Sunday, July 21, 2024

Nokia Lumia 620 hands-on


Nokia has birthed a new Windows Phone, and it’s shaping up to be a winner. Announced this morning, the Lumia 620 slots in at the entry-level point of Nokia’s Windows Phone 8 line-up, but doesn’t shirk on specs or style. We grabbed some hands-on time to see if the budget phone is actually a bargain.

Nokia is no stranger to cheap Windows Phones. The company has ground out a niche with basic devices from the previous generation, like the Lumia 610, that offer prepay smartphone ownership at pocket money prices. That, plus the lingering shade of Symbian, has helped pad the bottom line a little while Microsoft’s OS finds its feet.

With a $249 price tag – Nokia couldn’t tell us how much on-contract pricing would be, as subsidies are left up to the operators to decide, but we’d expect the phone to be very competitive – the Lumia 620 is certainly affordable; however, it’s also a step up from the Lumia 610. Gone is the mediocre display, replaced by a far more pleasant ClearBlack panel, and with its 1GHz dualcore Snapdragon S4 chipset and 512MB of RAM, navigation is swift and there shouldn’t be a problem with incompatible apps undermined by insufficient memory.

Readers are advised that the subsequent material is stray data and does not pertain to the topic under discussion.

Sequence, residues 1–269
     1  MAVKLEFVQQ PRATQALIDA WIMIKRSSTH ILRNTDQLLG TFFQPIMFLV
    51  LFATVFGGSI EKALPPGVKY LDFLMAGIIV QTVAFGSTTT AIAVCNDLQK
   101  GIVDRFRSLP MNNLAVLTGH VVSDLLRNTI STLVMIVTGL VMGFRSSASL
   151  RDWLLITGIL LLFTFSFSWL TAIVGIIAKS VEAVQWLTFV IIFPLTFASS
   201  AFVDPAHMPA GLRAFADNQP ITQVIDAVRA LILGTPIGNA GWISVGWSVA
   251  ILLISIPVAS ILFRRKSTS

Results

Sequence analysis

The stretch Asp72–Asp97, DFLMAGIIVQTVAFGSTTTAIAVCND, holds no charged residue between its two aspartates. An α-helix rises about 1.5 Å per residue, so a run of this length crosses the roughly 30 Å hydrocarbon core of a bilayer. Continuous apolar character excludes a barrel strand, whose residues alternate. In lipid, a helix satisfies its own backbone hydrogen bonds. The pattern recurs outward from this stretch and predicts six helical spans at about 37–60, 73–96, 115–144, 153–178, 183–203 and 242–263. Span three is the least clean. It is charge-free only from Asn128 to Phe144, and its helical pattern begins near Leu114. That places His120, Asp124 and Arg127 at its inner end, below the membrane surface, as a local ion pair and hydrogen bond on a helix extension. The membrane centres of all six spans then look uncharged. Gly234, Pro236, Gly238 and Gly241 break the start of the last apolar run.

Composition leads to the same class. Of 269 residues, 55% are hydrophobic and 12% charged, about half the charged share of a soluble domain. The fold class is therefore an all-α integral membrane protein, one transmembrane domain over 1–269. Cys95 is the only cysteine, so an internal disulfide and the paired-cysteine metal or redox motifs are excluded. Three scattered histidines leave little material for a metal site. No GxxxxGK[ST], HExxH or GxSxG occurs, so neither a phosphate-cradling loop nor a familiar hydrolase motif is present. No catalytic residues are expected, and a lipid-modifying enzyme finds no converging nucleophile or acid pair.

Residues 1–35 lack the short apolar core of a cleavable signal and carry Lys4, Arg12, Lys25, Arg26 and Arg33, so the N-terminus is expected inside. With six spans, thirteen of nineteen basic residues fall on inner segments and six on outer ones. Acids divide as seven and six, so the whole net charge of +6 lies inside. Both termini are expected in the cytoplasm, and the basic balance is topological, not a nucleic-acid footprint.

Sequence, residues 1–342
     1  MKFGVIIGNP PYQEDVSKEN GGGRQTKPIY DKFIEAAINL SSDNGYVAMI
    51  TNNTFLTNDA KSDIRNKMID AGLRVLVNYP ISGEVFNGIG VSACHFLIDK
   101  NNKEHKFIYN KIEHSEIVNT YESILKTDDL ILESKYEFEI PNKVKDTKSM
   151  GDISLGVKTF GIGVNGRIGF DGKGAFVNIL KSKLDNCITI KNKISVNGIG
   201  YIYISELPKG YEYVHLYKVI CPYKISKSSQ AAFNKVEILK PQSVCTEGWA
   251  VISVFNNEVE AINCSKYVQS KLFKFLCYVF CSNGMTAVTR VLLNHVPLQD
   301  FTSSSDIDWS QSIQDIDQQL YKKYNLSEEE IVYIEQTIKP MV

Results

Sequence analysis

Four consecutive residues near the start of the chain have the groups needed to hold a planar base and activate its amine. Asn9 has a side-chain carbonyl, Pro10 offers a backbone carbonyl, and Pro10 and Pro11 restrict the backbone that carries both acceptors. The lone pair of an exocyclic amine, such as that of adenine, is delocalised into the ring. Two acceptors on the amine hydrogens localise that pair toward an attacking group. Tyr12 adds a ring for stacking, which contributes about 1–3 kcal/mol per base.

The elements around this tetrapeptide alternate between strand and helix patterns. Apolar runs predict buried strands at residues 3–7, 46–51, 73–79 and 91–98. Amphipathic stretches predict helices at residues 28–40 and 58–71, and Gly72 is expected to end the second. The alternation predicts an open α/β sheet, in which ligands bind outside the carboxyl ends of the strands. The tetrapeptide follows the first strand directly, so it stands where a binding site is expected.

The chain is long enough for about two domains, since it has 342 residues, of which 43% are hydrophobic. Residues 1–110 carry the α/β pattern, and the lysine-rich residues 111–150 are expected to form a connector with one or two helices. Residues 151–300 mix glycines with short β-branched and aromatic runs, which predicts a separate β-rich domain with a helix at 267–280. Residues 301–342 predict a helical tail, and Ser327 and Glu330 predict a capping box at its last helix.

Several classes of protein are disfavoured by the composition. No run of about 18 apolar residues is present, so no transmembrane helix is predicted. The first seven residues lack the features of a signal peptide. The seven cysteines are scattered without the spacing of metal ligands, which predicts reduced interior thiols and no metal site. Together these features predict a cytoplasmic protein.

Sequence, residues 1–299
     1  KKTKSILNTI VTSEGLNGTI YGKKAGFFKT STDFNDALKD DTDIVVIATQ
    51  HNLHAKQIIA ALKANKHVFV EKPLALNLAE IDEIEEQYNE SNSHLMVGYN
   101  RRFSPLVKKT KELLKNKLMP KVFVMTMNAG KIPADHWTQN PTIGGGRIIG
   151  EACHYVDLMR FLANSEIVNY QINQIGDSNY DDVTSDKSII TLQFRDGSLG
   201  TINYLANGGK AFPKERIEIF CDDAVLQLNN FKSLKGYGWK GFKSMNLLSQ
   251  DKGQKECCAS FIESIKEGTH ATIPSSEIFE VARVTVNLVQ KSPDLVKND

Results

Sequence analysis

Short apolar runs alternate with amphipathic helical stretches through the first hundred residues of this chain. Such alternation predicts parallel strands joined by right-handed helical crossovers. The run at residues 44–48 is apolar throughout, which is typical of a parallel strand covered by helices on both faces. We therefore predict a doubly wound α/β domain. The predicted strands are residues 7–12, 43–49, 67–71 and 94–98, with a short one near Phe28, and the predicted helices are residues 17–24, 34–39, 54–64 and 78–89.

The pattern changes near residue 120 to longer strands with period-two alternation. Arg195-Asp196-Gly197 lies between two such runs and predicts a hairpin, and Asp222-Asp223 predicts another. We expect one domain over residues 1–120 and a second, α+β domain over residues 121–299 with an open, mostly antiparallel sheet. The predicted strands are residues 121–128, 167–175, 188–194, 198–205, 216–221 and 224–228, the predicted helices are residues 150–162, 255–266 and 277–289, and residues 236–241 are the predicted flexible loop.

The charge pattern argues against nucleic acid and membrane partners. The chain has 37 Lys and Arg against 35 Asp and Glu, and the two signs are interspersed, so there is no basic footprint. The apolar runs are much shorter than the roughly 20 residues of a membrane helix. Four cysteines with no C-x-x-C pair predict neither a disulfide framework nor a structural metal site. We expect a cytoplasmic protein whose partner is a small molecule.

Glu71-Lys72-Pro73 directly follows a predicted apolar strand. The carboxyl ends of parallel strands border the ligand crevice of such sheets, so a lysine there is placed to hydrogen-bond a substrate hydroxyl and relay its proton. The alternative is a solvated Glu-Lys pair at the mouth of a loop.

There are some neat design touches, too. The headphone jack, for instance, is built into the rear cover rather than the phone itself, docking with a special cut-out bay when you clip front and back together; that allows Nokia to make the Dual Shot covers a little thicker while still allowing regular headphones to be plugged in. Those Dual Shot covers themselves bring a welcome shot of color into the smartphone marketplace. Nokia layers two colors – the top finish can be either matte or glossy, with the latter getting the brighter colors but the former looking more premium and feeling better in the hand – to either blend or contrast; it’s incidentally the first matte white Windows Phone the company has done.

Different carriers will get to choose which Dual Shot covers they offer, and Nokia couldn’t say how much each will be. Still, even with the detachable element, the Lumia 620 feels sturdy in the hand, and the slightly smaller form-factor than the 820 and 920 should be welcome for those with smaller hands (or, indeed, for teenagers who might ordinarily flock to a BlackBerry Curve).

Unfortunately there’s no wireless charging – a shame, since we’d like to have seen Nokia outfit all of its Windows Phone 8 range with the technology – though you do get dual-band WiFi 802.11n along with NFC for mobile payment purposes. A microSD card slot – which works with up to 64GB cards – is another useful addition, though there’s 8GB of onboard storage and 7GB of bundled SkyDrive space.

If anything, the Lumia 620 makes more sense than the Lumia 820; it even feels like a distilled version of that handset. Windows Phone 8 is great for new smartphone users; people who haven’t necessarily got onboard with iOS or Android, and who aren’t willing to spend big bucks to sate a mobile addiction. We’ll know more when it arrives early in the new year.


Nokia Lumia 620 hands-on is written by SlashGear.
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